In Uncategorized on 04/10/2019 at 16:52

If the person, not an actuary, who sets the premiums for your captive insurance company states on the stand at trial that this was how said premiums were computed, you may be sure that Judge Ruwe maybe so might could just find that your insurance company wasn’t an insurance company at all, but a roundy-round cash circle to set up phony deductions.

And he did, in Syzygy Insurance Co., Inc., et al., 2019 T. C. Memo. 34, filed 4/10/19.

Here’s a sample.

“Mr. T is not an actuary.  We recognize that premiums can be set by nonactuaries, but Mr. T’s underwriting report has no calculations showing how he arrived at the premium prices.  Mr. T does not appear to have used any type of actuarial rating model or compared premium prices with similar publicly available policies.  As stated by Mr. Taylor, he was using a ‘will ass guess’ at one point during the pricing process.” 2019 T.C. Memo. 34, at p. 35.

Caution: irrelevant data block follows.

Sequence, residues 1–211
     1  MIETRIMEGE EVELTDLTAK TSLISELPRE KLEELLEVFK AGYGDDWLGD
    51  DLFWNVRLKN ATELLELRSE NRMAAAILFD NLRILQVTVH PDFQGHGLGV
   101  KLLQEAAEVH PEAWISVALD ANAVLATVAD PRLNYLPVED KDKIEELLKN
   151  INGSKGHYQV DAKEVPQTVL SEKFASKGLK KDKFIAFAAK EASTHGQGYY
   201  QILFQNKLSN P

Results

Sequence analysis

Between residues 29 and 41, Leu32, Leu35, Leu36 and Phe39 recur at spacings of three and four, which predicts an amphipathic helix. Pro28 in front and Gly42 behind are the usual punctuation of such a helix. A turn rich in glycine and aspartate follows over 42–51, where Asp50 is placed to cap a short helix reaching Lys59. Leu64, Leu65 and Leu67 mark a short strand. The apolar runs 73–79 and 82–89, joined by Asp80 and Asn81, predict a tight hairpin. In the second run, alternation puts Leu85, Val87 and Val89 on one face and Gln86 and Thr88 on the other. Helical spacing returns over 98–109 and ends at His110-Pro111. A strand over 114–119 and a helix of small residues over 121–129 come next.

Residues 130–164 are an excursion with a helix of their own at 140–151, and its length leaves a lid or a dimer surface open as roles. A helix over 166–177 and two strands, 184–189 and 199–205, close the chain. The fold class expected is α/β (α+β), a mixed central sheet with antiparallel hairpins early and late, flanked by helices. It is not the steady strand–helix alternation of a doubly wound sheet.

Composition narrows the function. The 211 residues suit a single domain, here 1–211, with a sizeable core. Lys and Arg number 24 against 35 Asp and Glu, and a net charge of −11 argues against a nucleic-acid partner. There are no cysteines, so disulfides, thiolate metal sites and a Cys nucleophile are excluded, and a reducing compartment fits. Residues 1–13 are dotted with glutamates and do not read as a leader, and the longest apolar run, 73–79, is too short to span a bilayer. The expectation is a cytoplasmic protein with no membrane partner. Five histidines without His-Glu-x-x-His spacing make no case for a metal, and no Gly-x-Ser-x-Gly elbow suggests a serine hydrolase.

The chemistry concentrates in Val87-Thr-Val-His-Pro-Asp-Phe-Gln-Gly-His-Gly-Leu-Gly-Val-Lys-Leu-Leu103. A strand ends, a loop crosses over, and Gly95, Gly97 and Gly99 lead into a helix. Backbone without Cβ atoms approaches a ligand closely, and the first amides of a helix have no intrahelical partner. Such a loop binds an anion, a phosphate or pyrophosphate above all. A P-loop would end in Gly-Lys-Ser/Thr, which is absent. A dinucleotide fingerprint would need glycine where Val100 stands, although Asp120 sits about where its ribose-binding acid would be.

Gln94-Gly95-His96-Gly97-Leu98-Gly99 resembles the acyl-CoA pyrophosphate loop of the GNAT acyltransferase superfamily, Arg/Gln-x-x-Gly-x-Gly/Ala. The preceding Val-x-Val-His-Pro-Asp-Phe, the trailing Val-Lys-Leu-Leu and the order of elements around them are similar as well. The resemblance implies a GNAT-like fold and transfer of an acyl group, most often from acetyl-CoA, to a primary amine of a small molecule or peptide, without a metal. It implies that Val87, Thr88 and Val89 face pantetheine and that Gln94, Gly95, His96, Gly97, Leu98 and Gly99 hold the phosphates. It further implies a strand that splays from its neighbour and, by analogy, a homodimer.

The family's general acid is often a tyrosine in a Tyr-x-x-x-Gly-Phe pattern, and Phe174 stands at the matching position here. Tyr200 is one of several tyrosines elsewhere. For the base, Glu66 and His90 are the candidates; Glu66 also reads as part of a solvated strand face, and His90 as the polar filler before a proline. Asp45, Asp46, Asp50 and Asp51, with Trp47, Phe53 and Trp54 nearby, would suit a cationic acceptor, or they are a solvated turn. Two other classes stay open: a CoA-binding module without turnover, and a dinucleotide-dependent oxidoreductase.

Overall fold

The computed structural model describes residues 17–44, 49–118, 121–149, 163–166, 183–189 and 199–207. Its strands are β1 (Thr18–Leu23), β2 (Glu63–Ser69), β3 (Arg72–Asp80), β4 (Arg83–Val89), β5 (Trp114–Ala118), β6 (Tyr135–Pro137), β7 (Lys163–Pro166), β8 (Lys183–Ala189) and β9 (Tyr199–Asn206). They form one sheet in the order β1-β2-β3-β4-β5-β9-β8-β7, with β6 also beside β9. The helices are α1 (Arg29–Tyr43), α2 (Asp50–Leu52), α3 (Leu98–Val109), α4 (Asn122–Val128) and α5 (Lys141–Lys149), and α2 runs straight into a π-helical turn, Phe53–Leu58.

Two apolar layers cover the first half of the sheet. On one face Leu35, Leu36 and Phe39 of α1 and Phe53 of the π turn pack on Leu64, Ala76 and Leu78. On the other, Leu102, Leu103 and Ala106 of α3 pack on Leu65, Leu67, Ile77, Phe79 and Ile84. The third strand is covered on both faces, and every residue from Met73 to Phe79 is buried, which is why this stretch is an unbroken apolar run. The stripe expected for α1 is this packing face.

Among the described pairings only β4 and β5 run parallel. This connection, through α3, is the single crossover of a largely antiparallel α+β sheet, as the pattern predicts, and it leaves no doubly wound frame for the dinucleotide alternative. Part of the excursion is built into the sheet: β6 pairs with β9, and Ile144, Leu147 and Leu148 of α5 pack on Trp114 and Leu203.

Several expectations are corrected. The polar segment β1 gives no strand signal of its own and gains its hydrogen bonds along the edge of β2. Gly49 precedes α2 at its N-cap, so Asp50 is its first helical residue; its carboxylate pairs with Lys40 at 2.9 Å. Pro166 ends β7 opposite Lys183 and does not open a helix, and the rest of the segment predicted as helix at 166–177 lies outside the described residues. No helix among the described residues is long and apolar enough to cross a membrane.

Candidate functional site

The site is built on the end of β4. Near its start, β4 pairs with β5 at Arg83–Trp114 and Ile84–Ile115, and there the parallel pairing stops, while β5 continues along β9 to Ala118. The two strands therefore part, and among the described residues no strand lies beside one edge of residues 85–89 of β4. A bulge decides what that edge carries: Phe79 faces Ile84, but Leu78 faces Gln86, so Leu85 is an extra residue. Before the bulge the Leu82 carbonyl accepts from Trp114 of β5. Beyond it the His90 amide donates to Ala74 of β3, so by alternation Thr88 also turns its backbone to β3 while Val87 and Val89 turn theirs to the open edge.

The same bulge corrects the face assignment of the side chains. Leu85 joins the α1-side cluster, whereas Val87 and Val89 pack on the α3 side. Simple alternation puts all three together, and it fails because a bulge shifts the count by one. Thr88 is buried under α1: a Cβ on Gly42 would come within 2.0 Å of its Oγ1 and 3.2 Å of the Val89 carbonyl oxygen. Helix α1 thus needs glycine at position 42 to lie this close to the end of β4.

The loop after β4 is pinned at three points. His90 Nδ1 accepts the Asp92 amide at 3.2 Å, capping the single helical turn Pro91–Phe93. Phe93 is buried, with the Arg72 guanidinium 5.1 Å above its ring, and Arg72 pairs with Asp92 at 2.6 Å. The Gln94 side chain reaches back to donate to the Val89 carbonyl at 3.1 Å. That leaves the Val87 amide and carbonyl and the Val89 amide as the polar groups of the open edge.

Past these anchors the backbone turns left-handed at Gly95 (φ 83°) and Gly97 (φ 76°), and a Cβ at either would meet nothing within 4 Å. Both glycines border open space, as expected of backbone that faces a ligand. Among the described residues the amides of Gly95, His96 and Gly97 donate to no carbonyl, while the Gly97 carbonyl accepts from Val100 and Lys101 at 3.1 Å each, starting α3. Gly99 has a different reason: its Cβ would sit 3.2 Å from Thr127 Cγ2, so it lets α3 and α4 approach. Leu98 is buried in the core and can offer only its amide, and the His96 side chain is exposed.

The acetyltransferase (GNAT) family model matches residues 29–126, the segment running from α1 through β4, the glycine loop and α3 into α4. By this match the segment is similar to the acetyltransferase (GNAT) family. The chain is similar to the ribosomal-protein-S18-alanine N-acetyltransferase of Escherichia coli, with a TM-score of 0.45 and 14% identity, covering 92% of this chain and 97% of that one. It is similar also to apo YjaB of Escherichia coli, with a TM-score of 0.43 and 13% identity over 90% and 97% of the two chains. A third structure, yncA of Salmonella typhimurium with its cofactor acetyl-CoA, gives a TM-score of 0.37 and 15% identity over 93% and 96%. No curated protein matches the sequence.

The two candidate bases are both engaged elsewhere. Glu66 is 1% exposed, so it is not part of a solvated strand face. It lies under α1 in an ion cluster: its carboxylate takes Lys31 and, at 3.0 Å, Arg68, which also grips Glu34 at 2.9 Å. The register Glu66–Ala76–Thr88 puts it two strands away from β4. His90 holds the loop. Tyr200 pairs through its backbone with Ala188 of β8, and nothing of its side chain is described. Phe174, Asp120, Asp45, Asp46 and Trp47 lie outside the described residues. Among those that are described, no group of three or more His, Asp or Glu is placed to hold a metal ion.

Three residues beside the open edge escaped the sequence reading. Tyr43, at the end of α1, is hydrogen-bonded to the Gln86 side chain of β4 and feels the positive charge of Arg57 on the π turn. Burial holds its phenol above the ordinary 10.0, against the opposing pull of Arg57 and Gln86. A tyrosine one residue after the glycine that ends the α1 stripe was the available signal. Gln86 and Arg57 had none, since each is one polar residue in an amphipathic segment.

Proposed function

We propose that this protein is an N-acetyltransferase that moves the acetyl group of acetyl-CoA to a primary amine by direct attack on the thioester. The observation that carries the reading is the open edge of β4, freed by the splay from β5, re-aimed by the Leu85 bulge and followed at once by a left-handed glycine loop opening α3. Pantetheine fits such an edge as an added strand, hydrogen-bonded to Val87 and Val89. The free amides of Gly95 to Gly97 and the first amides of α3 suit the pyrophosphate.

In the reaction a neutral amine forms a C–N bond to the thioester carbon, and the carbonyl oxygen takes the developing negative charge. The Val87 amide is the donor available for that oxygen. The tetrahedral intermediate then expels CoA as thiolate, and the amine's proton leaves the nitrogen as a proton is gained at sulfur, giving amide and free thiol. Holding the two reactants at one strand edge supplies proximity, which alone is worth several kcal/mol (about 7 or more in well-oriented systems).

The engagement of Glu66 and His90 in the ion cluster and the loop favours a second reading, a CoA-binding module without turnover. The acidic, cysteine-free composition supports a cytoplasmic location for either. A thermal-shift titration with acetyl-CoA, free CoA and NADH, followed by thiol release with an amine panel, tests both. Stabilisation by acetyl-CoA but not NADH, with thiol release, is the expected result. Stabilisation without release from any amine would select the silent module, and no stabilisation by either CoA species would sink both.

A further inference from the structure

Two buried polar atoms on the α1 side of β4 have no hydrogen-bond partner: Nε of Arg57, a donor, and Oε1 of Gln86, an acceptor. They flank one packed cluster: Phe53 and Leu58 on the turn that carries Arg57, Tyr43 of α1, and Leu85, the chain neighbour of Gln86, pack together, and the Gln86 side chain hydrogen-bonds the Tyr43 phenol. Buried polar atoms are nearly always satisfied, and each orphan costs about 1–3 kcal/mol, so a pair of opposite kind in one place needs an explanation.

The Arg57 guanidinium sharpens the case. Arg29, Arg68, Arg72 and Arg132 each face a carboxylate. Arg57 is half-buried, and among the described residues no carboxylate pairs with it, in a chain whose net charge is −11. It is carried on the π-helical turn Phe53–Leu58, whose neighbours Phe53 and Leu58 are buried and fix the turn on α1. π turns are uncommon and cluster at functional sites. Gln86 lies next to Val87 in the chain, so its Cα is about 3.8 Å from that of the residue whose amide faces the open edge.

Of course, the head honcho of the nominal insured never bothered to file some claims. And finally quit the scheme because the premiums were too low.

Now it beggars belief that any insured would object to premiums too low, only too high.

Judge Ruwe marches through some old friends, like Avrahami (see my blogpost “The Selfies – Eclipsed,” 8/21/17), Rent-A-Center (see my blogpost “Insurance – Are You Sure?” 1/14/14), and Securitas (see my blogpost “Third Time Lucky,” 10/29/14).

Syzygy fails every test. Undercapitalized (assets included life insurance policies it couldn’t touch); any real risk reinsured; rate-on-line (ratio of premium to occurrence limit) six times normal, so big premiums for low cover; State (DE) regulators concerned with solvency of Syzygy, not with whether premiums were too high; and the only paid claim was one that could have been successfully fought (but editorial query; it was $20K, so was that worth fighting?).

But Syzygy’s principals relied upon their trusty and well-qualified CPA, so no chops.

“Will ass guess”? Don’t you mean “wild ass guess”?


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